(1) Prohibits the solicitation of expenditures and fund-raising activities and events supporting or opposing any candidate, ballot measure, political party, or political party committee on any property or in any building owned or leased by the state or any political subdivision unless the property or building is routinely used by and made available for rent or for a fee to all members of the public (Section 8.925, RSMo);

(2) Prohibits a member of the General Assembly from receiving compensation of any kind as a paid political consultant as defined in the bill for another member of the General Assembly, a statewide office holder, or any political committee as defined in Chapter 130. The spouse, dependent child, and parent of a member also are prohibited from receiving compensation of any kind on behalf of a member who acts as a paid political consultant (Sections 105.450 and 105.456.3);

(3) Prohibits a member of the General Assembly from acting, serving, or registering as a legislative lobbyist until after two calendar years following the conclusion of the general assembly in which the member last served and prohibits a member from soliciting clients to represent as a legislative lobbyist. An individual or business entity is prohibited from soliciting a legislator to become employed by that individual or entity as a lobbyist or paid political consultant while the legislator is holding office (Sections 105.456.4 and 105.456.5);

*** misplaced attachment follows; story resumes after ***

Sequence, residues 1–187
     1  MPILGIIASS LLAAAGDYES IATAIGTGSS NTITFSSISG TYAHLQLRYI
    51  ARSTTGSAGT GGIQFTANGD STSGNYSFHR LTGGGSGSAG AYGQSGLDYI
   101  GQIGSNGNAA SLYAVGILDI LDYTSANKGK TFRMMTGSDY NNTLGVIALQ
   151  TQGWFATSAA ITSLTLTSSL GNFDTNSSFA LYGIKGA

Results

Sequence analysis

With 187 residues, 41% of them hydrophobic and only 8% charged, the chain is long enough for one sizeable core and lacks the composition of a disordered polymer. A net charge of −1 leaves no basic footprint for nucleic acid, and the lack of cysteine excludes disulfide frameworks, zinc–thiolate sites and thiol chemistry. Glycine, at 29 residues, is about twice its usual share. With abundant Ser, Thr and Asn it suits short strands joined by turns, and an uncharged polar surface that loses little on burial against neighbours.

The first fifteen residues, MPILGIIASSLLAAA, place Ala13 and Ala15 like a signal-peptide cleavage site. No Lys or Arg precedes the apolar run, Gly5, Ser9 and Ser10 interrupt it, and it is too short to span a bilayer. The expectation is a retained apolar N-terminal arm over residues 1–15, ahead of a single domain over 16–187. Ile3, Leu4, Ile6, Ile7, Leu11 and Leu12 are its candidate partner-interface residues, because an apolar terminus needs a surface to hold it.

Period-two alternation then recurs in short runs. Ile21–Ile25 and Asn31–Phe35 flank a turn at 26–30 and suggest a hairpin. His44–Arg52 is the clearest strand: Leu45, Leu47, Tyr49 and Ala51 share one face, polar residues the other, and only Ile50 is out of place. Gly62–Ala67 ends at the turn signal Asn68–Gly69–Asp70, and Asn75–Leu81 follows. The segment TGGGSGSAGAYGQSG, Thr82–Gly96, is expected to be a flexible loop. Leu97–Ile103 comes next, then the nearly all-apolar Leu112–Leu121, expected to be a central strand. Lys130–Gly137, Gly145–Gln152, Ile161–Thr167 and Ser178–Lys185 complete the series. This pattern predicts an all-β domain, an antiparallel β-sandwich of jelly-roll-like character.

(4) Specifies that the crime of bribery of a public servant includes when the Governor or an agent of the Governor offers or promises to confer various specified appointed positions to a member of the General Assembly in exchange for the member’s official vote on a public matter and specifies that the crime of acceding to corruption by a public servant includes when a member of the General Assembly accepts or agrees to accept an offer or promise to confer an appointment to specified positions in exchange for an official vote on a public matter (Sections 105.456.6 and 105.456.7);

(5) Specifies that any person who intentionally offers anything of value to or accepts anything of value from an elected or appointed official or employee of the state or any political subdivision in direct exchange for voting for or against or engaging in any action designed to benefit, delay, or hinder the passage or failure of any specific state legislation, rule, or regulation or any specific local legislation, order, ordinance, rule, or regulation will be guilty of a class D felony (Section 105.465);